This week had two apparently disconnected stories whose link we may not have discerned, but which profoundly affects our future.
The first was the Express’ report on the alleged TT$549M EMBD bid rigging case which noted: ‘…some of the same contractors donated financially toward the current government…’
The second is the global headlines which screamed that the US economy had dropped by 9% in the last quarter, which on an annualised basis, means it will be down by a third!
The link is: no matter who forms the next government, the economy would be battered; and there is a risk that our inequality problem—partially fuelled by persons who feed off taxpayers’ funds—will worsen.
As we go to the polls to elect a new government, we need to appreciate that organised money plays an outsized role. We need to see the feeding of dissatisfaction among the less privileged in an attempt to tilt the electoral balance. Manufactured outrage by insistent trolls, coordinated by a central mind, bombard us throughout the day with spurious stories.
Unashamedly, outlandish promises—that two economists described as ‘questionable and unlikely’ and which have been calculated to require an investment of over TT$5B while simultaneously obliterating the tax base—are trotted out.
Private and foreign investors will fill the gap we are told; a claim that is staggering if one projects the stark economic decline in the US and the oil industry or read any responsible global newspaper.
Why would a foreign investor put money in here unless it is financially worthwhile? How do we make it feasible for them unless we offer superior returns by lowering the costs of operation? We certainly cannot offer enhanced revenue.
How did we get here?
It really began when we, as a country, embraced the notion of ‘every man for himself’ as the organising principle of our economy. When we moved away from the state-run to the private sector-organised approach.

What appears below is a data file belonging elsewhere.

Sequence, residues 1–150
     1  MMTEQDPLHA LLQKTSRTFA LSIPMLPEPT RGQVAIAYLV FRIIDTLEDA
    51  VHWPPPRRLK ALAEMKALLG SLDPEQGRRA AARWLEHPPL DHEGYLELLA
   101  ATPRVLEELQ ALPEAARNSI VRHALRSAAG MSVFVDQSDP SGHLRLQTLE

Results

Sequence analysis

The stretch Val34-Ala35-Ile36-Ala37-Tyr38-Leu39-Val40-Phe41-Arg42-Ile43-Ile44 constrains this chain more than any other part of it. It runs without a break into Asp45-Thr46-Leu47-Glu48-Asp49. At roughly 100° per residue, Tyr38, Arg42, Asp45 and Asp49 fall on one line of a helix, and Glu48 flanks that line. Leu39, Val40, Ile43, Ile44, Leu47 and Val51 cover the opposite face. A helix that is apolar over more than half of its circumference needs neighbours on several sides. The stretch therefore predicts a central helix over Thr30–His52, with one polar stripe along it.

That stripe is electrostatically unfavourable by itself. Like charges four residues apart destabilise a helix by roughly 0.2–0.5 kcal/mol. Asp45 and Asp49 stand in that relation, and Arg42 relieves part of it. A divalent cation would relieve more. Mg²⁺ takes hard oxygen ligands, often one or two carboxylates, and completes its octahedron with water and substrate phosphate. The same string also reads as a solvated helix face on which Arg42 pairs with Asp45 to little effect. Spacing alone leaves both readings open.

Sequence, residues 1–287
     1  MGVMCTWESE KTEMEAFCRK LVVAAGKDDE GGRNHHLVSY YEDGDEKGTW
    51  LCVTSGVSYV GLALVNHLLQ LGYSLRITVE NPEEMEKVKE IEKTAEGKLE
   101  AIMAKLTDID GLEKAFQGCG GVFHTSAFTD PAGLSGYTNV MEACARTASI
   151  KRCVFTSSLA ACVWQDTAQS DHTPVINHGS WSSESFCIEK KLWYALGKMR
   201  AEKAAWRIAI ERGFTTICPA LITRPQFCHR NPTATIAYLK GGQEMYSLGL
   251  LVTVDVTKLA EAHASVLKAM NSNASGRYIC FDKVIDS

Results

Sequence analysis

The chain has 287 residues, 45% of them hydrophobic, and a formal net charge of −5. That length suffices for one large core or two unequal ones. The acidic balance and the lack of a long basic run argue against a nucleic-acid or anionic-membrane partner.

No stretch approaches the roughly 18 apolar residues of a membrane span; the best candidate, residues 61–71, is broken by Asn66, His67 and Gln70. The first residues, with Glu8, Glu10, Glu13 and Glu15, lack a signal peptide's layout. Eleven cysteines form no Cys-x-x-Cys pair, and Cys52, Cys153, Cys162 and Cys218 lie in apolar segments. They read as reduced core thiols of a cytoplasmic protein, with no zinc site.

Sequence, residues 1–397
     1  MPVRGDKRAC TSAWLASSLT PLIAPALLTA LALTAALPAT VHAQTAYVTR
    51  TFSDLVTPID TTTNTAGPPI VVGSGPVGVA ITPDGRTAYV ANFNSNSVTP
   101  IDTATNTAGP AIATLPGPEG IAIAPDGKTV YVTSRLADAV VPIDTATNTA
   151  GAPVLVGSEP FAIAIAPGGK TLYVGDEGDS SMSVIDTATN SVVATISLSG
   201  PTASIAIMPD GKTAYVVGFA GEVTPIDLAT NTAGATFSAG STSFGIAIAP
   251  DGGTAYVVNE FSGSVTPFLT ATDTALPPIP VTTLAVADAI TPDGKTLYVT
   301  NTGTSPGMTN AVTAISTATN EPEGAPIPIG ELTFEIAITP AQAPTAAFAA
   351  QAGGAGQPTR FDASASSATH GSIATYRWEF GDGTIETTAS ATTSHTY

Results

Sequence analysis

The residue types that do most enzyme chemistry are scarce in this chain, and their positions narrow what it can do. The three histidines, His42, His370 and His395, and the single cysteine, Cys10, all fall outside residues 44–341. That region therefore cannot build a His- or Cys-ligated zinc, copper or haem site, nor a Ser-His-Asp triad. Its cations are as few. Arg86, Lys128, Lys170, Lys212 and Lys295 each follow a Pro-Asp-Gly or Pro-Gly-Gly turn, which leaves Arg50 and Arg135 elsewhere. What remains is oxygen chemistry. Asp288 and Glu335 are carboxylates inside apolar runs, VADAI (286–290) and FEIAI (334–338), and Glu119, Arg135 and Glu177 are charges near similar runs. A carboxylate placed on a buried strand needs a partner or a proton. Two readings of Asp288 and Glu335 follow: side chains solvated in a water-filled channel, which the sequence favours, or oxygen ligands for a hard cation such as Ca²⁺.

We made that decision a binary one instead of appreciating the need for balance.
Simultaneously, we weakened the public service, a disaster that continues to today. The checks and balances on ministerial actions were therefore removed.
We promoted ‘personal responsibility’ to cover up the wanton greed of some. There was no discussion about what was our ‘social responsibility’ since everyone, other than ourselves, was seen as lazy and unambitious.
This is the point at which the divergence in pay began and property values skyrocketed out of the reach of the man in the street. The private sector became a money machine that provided funds for political parties which gave each of them freedom to do whatever they wanted.
The ‘trust fund’, which is our oil and gas heritage, funded the rise of those who seek to control the economy and the politics. Consequently, we saw a polarisation of the nation—a ‘them versus us’ and a complete blindness to economic realities. We weaponised anger as a means to increase voting.
Today as we stare at the impending grave economic danger, we are seeing the mobilisation of the urban black community as a repurposed tool to increase voting. We and them ignore why that community is the dispossessed and why they have only received baubles from both parties and ‘pretend’ philanthropists, while financiers have made off like bandits (pun intended).
Societal breakup is an imminent threat when this community realises that they gained nothing since we were all flattened by the Covid-19 after-effects. The first at the trough is never the poor. We now ignore at our own peril the noises made which, if joined with our present policing attitude, would bloody the same dispossessed so as to enforce ‘law and order’ in time to come.
The failure to present an alternative plan by the other party is unacceptable. The work to be done by the Watkins team is not a Budget line item. That characterisation will not be sufficient to stem the coming anger or ready us for the future.
We do not have enough money to keep shovelling relief for the sustained period. There has to be another plan.
The constant attacks on our institutions—the Judiciary and the EBC as examples—destroy our faith in them and in our ability to govern ourselves. The destruction of our public educational system destroys dreams. Both incapacitate our ability, now needed more than ever before, to problem solve.
We have to get serious about campaign financing reform. We have to implement the procurement mechanism. We have to question our desire for huge investments in infrastructure ahead of the needs of disadvantaged people.
We have to admit that burning down the place to get elected is not a plan. We must honestly speak to the challenges and not pretend that there are ready answers. There simply are not any on the shelf.
Without a serious long-term mindset, we will not get out of this mess unscathed. We have to create ‘us’ rather than ‘us versus them’. That is a tough job and cannot be done overnight but to try we have to. We will not progress without doing so.
May God help us.